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Germany and Belgium

September 7, 1994. I have read many travel articles where the author was running late and nearly missed a train or a connection but, of course, I never thought it would happen to me! Last night I stayed out until 1:30am, even though my ferry was leaving at 8:00am. I should know better. I set four separate alarms on my watch and slept through every one of them. I woke at 7:25am, thinking that the alarms had not yet gone off. When I looked at the clock, I panicked. My ferry was leaving the port in 35 minutes. I hadn’t packed, I still needed to check out of the hotel, my car was in the parking lot a block from the hotel, and the port was a 15 minute drive away. I laid back down and gnawed over my options.

My choices were either to throw away my US$300+ ferry ticket and make reservations for another day, or throw away the ticket and spend two or three days driving to Germany through Poland, or run like hell and try to catch the ferry. In two minutes I was out of bed, frantically dressing and stuffing things into my suitcase.

I called the receptionist, told her I had overslept and was running to catch the ferry. I asked them to check me out while I finished packing. When I got to the reception desk, my bill was 1130 EEK, but I only had 900. I threw in 100 DM and she quickly calculated the exchange rate and gave me back 578 EEK. Then I walked as quickly as I could with my luggage to the parking lot down the street. I made it to the port at 7:52am. The guard was a little irate that I had arrived after the 7:20am check-in time, but he examined my passport and auto registration, and ushered me on the ferry. I made it!

The best news of the morning is that, although I reserved a bunk in a three-person cabin, expecting to share it with two other passengers, I have the entire cabin to myself.

The trip from Tallinn to Travemunde takes 36 hours and the entire ferry is constantly vibrating. This makes my bunk sort of like Magic Fingers with an unlimited supply of quarters. I am sleeping in the belly of a giant purring cat.

Three Sailors Went to Sea Sea Sea

The ferry ride is dull beyond description. I spend most of my time in my cabin, since the only entertainment the ferry provides is video poker and foreign movies in the bar. Also, I’ve caught a cold and I’m feeling generally miserable.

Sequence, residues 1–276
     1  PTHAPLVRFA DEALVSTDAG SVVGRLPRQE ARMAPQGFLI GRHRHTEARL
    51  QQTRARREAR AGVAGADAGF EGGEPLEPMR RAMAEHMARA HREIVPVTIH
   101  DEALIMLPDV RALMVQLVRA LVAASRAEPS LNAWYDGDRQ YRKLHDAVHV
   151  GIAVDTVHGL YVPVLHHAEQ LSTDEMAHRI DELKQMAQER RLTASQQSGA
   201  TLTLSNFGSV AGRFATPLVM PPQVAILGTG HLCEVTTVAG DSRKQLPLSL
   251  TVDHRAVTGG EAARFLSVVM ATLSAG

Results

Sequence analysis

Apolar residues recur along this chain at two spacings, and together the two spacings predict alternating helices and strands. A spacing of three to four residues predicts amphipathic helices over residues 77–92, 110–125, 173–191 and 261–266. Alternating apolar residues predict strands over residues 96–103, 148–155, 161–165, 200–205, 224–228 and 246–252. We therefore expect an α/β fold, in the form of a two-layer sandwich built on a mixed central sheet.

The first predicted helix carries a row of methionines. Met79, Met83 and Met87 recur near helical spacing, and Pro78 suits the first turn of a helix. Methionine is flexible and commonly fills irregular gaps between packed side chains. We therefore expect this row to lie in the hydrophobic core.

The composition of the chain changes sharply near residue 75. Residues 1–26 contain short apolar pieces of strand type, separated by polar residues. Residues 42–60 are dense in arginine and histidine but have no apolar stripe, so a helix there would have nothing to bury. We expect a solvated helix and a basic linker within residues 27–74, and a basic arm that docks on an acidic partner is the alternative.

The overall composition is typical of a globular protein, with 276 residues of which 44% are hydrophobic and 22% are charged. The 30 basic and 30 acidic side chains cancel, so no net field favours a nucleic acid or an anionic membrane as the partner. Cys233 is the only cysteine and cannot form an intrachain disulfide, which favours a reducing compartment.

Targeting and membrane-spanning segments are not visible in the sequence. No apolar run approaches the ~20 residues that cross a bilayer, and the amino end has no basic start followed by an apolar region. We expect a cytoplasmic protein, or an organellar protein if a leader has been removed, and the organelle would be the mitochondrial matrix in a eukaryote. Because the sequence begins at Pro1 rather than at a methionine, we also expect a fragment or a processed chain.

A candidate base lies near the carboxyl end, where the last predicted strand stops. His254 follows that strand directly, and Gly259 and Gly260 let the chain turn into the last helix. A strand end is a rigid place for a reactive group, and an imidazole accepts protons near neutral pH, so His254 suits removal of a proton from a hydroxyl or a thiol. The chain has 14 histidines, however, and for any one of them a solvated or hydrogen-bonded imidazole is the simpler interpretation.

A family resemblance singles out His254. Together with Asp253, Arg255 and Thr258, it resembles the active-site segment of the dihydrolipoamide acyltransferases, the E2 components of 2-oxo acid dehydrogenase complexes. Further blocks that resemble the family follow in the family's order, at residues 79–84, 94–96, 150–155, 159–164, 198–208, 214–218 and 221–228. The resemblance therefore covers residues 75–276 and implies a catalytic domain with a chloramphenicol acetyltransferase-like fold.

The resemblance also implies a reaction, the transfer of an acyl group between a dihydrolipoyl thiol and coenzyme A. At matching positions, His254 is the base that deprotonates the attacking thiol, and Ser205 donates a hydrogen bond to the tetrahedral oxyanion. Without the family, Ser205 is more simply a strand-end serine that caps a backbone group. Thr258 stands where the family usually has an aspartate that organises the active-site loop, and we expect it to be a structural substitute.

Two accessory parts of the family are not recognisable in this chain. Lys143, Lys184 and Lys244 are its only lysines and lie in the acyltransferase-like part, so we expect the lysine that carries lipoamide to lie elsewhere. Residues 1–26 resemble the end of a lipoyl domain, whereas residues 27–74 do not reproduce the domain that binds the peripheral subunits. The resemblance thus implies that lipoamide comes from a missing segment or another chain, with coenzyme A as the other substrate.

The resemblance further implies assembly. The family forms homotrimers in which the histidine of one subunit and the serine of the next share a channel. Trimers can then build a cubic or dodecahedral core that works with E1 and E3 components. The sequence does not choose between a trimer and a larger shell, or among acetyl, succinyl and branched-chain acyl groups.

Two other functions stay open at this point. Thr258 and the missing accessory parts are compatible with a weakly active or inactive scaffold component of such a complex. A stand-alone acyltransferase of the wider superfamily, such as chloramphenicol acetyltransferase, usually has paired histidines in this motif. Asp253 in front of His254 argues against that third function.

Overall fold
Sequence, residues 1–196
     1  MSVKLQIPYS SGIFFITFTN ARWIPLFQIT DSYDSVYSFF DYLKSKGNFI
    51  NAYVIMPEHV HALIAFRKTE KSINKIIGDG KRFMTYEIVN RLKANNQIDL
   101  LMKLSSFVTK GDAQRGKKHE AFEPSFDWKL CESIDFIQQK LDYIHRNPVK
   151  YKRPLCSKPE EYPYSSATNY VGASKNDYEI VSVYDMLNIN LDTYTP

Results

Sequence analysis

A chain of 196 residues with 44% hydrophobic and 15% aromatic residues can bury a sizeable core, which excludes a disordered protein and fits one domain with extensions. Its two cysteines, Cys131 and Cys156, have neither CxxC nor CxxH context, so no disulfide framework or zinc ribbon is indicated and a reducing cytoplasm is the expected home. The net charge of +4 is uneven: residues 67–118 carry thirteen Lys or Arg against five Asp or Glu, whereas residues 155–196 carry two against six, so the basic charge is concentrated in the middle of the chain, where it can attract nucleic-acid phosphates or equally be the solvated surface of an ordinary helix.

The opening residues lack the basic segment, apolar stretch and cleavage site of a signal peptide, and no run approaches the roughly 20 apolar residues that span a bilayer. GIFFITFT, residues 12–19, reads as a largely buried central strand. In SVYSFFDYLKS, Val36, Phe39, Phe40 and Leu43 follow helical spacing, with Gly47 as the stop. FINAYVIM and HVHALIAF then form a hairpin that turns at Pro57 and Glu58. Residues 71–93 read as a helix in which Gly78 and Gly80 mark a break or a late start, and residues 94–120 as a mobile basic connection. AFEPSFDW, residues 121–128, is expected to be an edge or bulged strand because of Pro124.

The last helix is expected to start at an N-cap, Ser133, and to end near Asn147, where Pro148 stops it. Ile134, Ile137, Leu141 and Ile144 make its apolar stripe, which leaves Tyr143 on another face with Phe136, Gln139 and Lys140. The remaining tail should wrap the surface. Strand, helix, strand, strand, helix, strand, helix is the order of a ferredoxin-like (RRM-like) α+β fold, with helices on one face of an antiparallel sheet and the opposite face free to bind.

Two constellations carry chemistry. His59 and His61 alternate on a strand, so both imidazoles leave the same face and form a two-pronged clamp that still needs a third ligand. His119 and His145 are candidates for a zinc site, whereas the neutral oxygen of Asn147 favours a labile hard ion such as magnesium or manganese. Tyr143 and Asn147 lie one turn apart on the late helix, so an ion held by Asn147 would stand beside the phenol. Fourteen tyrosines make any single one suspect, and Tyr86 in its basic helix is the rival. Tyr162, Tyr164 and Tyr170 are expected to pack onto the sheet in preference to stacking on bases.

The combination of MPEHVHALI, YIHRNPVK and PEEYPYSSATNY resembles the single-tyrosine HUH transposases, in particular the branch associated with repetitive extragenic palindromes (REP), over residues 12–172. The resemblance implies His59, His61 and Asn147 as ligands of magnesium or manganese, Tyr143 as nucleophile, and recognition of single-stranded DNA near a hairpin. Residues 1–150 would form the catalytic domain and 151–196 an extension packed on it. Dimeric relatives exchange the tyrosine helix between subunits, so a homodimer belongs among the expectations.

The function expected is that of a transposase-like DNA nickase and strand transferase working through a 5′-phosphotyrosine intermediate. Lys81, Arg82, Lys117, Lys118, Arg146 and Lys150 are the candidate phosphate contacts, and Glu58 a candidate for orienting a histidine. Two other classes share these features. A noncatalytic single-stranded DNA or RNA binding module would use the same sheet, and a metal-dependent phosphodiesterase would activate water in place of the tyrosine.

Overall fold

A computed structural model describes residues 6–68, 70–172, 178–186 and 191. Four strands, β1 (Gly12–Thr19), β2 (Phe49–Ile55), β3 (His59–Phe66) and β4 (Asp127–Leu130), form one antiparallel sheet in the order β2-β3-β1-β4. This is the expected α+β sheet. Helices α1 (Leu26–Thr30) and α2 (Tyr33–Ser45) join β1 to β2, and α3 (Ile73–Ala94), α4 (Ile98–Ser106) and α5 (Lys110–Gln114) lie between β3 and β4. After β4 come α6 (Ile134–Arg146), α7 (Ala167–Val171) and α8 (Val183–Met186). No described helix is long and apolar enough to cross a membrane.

On the second day of the trip, a couple of hours before docking, I overhear a young man and woman speaking English in the cafeteria, so I ask to join them. His name is Yvan and he is from Belgium. She is from Hamburg and her name is Ulriche (pronounced ool-REE-keh). She has been studying at the university in Tartu for the last year and, as she speaks, she frequently lapses from English into Estonian.

Yvan has been traveling for three weeks and has run out of money. He plans to hitchhike back to Belgium. Ulriche says she is not sure how she will get from Travemunde to Hamburg. After 36 hours of solitary confinement, I feel gleefully selfish offering them both a ride to Hamburg.

In Hamburg, we drop Ulriche at the Hauptbahnhof (the central train station) and, after getting hopelessly lost searching for the campground/hostel where Yvan plans to stay, he and I end up sharing a double room at the Hotel Terminus. I’m not happy with the name of the hotel, as this was also the name of a documentary film about the Nazi war criminal Klaus Barbi. Nevertheless, the Hotel Terminus is in a convenient location and, at 90 DM a night (about US$60), the rooms are inexpensive by German standards. I think the term “flophouse” applies.

Don’t Fear the Reaper

Boy am I dense! If you have ever seen a bottle of St. Pauli Girl beer, you probably remember the buxom young fraulein on the label, cheerfully toting a pair of frothy mugs. I always pictured her as a symbol of wholesome innocence, like the Dutch milkmaid on a bar of chocolate. Wrong. The young woman immortalized on St. Pauli Girl’s label is the prostitute of the Reeperbahn, the main boulevard in the Hamburg district of St. Pauli.

Reeperbahn is described as the “world’s most sinful mile.” World’s sleaziest mile would be more accurate. In truth, it is nothing more than a lot of peep shows and dildo shops. Venturing off the Reeperbahn, however, you wade knee-deep into sin with a capital “S”, resplendent in all its carnal glory. Although on Reeperbahn there is nary a hooker in sight, St. Pauli’s narrow side-streets have so many streetwalkers you can hardly wangle past as they aggressively vie for your business. This scene you might expect to see in Bangkok or Amsterdam but, to me, it seems oddly out of place in affluent and conservative Hamburg.